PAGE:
Gov. Rick Snyder has had a productive first term, but challenger Mark Schauer is showing more strength than expected at the polls. (Clarence Tabb Jr / The Detroit News)
The most comfortable bet I would make in this election season is that Gov. Rick Snyder would win re-election, and easily.
For one thing, incumbent governors are almost never defeated in Michigan, even ones who fail in their first term — witness Jennifer Granholm’s handy victory in 2006.
Snyder can rightly claim success in his first four years. A state whose economy was at the bottom of every economic ranking when he took over is now among the fastest growing in the country, producing real jobs and attracting a wide range of new businesses.
After drifting basically leaderless for eight years through its worst economic crisis in generations, Michigan now has a governor with a clear agenda and the determination to meet Michigan’s challenges. The case for Snyder’s re-election would seem overwhelming.
And yet in the latest survey by Steve Mitchell, Michigan’s most respected pollster, the governor leads his Democratic foe by just 4 percentage points, 43 percent to 39 percent. That’s consistent with the trend line in this race — the Real Clear Politics average of polls has Snyder up 3.3 points.
That’s barely outside the margin of error for most of the surveys, so the contest could rightly be described as a toss-up.
The oddest thing is that a clear majority of voters actually recognize that Snyder is doing a good job. Mitchell’s poll gives him an admirable 56 percent job approval rating. Performance ratings generally track voter support, but not yet in this race.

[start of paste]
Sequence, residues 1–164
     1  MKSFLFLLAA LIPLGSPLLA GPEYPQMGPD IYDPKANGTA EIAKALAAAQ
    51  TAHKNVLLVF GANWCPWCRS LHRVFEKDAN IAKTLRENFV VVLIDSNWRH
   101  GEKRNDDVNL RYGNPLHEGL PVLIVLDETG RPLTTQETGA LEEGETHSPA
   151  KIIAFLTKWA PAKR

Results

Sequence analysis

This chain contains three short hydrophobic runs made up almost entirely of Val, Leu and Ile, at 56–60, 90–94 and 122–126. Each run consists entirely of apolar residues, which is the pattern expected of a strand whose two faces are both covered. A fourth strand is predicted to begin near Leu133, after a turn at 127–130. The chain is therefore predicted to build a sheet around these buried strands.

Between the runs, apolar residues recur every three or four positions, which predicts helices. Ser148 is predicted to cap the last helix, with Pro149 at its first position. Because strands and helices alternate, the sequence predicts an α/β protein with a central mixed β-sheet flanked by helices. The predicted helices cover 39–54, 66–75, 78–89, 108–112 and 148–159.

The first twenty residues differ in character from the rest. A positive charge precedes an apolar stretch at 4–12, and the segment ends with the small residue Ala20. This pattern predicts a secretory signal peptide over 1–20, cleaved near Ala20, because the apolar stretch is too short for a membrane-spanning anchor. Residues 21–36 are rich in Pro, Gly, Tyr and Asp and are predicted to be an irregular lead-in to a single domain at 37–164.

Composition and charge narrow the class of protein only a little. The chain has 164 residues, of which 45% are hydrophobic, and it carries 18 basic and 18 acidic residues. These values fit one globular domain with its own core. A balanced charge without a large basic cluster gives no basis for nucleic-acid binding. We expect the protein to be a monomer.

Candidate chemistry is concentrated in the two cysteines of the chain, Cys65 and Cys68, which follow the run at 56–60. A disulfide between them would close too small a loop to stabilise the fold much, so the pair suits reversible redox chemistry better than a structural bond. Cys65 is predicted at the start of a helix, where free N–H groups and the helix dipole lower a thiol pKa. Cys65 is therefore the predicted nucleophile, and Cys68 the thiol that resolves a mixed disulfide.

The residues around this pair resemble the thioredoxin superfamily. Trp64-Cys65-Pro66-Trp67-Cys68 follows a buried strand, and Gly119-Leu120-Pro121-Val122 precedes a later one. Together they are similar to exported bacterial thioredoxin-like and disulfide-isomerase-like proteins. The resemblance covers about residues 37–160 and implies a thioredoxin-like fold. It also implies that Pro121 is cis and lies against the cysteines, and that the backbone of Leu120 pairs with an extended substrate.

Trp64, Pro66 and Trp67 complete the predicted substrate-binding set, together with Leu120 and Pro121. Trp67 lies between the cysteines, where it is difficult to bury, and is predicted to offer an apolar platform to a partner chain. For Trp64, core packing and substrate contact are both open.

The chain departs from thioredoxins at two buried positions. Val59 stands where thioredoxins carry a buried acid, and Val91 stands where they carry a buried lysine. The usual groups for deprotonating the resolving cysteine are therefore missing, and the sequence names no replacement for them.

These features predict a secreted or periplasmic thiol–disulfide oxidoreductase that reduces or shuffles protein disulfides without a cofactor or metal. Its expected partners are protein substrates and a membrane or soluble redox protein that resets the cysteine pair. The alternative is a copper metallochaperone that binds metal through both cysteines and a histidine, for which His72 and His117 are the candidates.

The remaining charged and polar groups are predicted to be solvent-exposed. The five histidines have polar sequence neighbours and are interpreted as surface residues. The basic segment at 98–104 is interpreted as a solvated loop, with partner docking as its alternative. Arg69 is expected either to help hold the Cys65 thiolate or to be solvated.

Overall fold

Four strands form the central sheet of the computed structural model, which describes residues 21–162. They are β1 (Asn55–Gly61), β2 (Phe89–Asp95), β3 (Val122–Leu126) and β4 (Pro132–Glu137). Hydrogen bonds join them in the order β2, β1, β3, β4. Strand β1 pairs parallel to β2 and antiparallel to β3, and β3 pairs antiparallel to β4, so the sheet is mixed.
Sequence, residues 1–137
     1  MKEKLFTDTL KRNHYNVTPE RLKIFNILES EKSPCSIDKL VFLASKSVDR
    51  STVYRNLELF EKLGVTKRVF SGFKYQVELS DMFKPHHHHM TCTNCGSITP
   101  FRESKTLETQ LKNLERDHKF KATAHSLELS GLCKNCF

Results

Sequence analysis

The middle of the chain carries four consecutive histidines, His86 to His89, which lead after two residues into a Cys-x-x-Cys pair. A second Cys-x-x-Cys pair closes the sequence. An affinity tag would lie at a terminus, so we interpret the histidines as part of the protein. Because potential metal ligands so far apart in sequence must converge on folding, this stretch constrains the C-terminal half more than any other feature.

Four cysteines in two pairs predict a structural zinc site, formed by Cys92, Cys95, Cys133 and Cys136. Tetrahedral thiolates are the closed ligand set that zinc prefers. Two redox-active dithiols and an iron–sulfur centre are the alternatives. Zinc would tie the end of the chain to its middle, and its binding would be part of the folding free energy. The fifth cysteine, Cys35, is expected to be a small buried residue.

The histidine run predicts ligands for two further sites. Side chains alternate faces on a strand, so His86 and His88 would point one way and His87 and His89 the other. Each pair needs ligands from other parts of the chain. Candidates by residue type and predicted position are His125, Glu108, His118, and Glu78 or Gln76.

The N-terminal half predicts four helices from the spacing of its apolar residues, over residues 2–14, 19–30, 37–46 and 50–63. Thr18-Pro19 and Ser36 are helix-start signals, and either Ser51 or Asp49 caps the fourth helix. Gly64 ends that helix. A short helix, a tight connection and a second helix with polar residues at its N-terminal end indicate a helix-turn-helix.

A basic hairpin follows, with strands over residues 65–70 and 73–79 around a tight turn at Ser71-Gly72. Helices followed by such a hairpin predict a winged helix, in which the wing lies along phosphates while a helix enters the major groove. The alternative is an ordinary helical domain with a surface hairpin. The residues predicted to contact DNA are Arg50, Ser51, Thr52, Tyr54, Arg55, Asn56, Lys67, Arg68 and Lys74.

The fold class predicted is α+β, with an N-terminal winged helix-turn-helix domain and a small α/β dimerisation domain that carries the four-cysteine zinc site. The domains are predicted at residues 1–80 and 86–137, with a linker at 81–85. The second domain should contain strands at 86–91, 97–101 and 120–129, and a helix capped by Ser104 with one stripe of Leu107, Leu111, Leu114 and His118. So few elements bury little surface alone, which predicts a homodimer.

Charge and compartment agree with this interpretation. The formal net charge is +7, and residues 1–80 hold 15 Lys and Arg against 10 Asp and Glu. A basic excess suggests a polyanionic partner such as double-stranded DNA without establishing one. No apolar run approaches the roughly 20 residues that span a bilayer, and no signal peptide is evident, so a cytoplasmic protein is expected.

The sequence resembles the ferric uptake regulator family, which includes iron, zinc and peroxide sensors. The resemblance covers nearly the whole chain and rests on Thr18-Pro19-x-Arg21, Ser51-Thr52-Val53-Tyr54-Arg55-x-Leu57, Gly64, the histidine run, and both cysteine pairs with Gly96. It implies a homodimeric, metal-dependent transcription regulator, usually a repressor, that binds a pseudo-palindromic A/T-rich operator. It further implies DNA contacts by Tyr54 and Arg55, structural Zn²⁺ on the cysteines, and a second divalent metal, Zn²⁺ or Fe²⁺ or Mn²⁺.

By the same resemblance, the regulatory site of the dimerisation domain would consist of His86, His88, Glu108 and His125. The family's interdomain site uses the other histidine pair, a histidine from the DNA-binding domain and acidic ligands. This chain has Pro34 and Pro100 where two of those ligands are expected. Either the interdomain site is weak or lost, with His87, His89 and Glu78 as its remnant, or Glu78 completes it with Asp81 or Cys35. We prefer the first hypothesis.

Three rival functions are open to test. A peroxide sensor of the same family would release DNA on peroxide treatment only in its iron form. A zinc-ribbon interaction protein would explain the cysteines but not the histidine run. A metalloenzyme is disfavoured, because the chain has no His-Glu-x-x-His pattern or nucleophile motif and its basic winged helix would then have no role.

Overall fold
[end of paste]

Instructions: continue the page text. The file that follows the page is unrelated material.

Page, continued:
Normally, you might credit the attractiveness of the opponent. But Snyder is running against Mark Schauer, the worst candidate the Democrats have stood in a gubernatorial race since Howard Wolpe in 1994. Geoffrey Fieger, at least, was interesting.
Schauer has a thin leadership resume and has yet to offer a strategy for Michigan. The 10-point “jobs plan” he produced this week contained not a single item that would boost employment, instead offering populist attacks on job creators.
It followed an earlier education plan that was equally devoid of details.
But despite 44 percent of voters still not recognizing Schauer’s name, according to a June poll, he is hanging hard on Snyder’s tail. You have to wonder where a better-known and more dynamic Democratic challenger — a Virg Bernero or Gretchen Whitmer — would be in this race.
Polls show Snyder losing the Democratic voters who backed him last time — credit right-to-work legislation . Snyder is also lagging among women voters — the few abortion bills he signed may be at work. And the governor really hasn’t yet begun his campaign in earnest.
But allowing Schauer to hang so close is risky for Snyder -- and potentially expensive. That narrow lead will catch the attention of national Democratic donors, particularly labor unions who would love to topple a governor who signed right to work. The Democratic Governor’s Association has reserved $6 million in TV time in Michigan for the fall, and if the race remains tight, they’re bound to use it. Snyder will have to raise and spend a lot more money than he should have.
Nothing explains the polls, except for a Michigan culture that still resists and resents change, even when it works.